Selling Abroad 
In the shadow of a report published yesterday, which showed that manufacturing in the UK grew at its slowest rate in seven months, a survey has indicated that companies are banking on exports to grow their business over the next three months.

Research by courier DHL Express shows that 46 per cent of small firms expect demand for their exports to grow to the end of June. And the Office for National Statistics confirmed that exports have grown by 11.5 per cent in the past year.

Phil Couchman, chief executive officer of DHL Express UK and Ireland, says: “It's very promising to see that UK businesses are confident about their future in this area.”

Almost half of manufacturing exporters expect exports to grow and see this demand coming from the US, France and Germany respectively. The picture for imports is also solid. In 2010, 29 per cent of manufacturing importers increased imports and 32 per cent expect to import more over the next three months.

The weak pound is also welcomed by businesses keen to boost exports, while nearly 60 per cent believe that the 2012 Olympics and the increased focus on the UK as a result will create a greater demand for British goods in the run-up to the event.

While the insights from businesses revealed an overall positive outlook for UK plc internationally, 65 per cent of businesses polled believe that keeping interest rates low is key to economic growth.

They are likely to get their wish, as it is widely expected for the Bank of England’s Monetary Policy Committee to keep the rate where it is when the committee meets to decide tomorrow. In fact, analysts are now predicting no rise until at least the Autumn.

Exports are seen as key to Britain's economic growth, with 80 per cent of the firms surveyed calling on the government to give incentives to manufacturers to boost trade.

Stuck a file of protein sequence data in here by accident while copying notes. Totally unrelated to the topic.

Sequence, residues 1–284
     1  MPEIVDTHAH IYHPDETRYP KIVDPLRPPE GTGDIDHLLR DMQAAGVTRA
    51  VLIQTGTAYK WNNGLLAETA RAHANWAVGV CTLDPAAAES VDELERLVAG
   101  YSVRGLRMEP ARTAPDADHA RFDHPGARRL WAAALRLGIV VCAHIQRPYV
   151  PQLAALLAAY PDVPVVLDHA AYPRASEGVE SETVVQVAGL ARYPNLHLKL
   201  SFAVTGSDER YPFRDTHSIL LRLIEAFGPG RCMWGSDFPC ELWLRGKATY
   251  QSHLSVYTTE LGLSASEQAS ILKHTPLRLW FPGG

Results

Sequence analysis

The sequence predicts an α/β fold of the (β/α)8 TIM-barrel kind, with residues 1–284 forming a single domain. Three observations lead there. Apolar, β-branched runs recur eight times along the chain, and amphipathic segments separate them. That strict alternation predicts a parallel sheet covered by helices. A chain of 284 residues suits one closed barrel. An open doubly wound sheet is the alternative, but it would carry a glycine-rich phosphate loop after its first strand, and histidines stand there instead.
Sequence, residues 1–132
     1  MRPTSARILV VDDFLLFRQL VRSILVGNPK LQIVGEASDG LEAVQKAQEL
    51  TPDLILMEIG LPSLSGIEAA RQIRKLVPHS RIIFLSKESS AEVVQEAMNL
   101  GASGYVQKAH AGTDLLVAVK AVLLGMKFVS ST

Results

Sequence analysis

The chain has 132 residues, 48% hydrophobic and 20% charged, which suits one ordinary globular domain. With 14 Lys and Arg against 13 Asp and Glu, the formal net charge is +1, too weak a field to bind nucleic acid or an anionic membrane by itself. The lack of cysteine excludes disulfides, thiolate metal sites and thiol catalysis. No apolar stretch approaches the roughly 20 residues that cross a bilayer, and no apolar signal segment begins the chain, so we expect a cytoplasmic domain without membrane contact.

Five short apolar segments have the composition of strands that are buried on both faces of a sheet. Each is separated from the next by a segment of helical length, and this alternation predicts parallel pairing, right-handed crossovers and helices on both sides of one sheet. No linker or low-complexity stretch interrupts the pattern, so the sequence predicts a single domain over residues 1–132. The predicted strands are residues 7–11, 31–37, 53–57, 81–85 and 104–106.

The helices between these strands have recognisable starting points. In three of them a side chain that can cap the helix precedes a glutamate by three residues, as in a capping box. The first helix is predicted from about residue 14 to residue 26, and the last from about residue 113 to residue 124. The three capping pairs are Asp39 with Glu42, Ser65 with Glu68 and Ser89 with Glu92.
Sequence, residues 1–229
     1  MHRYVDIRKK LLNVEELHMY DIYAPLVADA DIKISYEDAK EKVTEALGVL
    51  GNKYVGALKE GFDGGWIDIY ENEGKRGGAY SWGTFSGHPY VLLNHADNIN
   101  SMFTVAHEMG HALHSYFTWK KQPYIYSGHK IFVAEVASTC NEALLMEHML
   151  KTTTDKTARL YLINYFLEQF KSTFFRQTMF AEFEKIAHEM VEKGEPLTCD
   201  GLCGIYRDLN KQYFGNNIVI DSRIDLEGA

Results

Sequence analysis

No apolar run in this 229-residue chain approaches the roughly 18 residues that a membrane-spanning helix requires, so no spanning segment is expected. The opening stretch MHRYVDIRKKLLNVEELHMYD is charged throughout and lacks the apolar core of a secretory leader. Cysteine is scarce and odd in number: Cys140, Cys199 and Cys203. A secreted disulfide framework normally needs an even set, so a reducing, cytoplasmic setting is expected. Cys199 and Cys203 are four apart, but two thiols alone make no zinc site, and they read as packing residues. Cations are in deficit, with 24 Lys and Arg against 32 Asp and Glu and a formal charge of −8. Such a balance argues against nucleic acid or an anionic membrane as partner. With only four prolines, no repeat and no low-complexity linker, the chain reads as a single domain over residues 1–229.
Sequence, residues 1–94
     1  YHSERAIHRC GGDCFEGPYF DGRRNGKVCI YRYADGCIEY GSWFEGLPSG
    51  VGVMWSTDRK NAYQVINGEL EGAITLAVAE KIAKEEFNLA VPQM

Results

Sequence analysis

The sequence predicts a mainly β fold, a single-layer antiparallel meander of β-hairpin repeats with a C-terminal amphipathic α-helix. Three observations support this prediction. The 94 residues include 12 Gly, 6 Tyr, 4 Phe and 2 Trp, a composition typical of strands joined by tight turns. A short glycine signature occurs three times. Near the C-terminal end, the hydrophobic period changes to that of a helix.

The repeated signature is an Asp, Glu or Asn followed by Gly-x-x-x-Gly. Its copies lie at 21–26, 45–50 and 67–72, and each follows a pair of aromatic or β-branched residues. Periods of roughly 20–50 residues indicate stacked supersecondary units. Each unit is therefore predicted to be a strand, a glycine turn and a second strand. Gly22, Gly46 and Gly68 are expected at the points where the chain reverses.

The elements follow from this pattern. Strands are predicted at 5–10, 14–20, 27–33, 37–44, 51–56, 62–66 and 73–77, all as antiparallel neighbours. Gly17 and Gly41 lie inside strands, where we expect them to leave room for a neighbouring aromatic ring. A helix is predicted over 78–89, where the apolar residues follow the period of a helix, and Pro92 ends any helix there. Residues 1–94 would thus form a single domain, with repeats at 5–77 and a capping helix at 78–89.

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Start-Ups With No Start-Up? 
Funding for Business Link is due to end in November and the move has sparked fears that the Government will risk failing start-ups through lack of support and guidance.

The departing head of the National Federation of Enterprise Agencies, George Derbyshire, believes that scrapping the business advisory service could result in the Government’s flagship social reforms being undermined as funding and support for enterprise will be deemed inadequate.

David Cameron has previously spoken of his goal to use enterprise in order to improve areas of the country that are dependent on public spending, which have been effected by the public spending cuts. However, with the Government putting an end to Business Link, Mr Derbyshire believes that this goal will be hindered.

Mr Derbyshire says Business Link is “vital for a proportion of the population” and that the dramatic cuts the service were driven by “financial reasons” rather than long-term thinking.

George Derbyshire said: “Business Link is regarded as an expensive solution. I would like to think in a different financial environment we would be not be quite so reliant on the volunteer model as we are now. Volunteers don’t come for free.”

He added: “There are people who have the confidence and the skills to start up themselves and make a success of their business, and the confidence and skills to access online resources, and there are those that have access to friends and colleagues who can help them. But there is a substantial proportion that do need face-to-face help to build up their confidence and acquire skills and knowledge.”

Business Link costs £190m a year to operate and is used by around a third of all businesses. The Conservatives decided in Opposition that they would scrap Business Link, and the Coalition has now implemented those plans. Contracts will be terminated in November and the regional development agencies will close in 2012.

So where can start-ups go for guidance? Start-ups searching for help will be directed to the Business Link website, which currently attracts around 1.6 million visits a month. Time will tell if this is sufficient support for start-ups…

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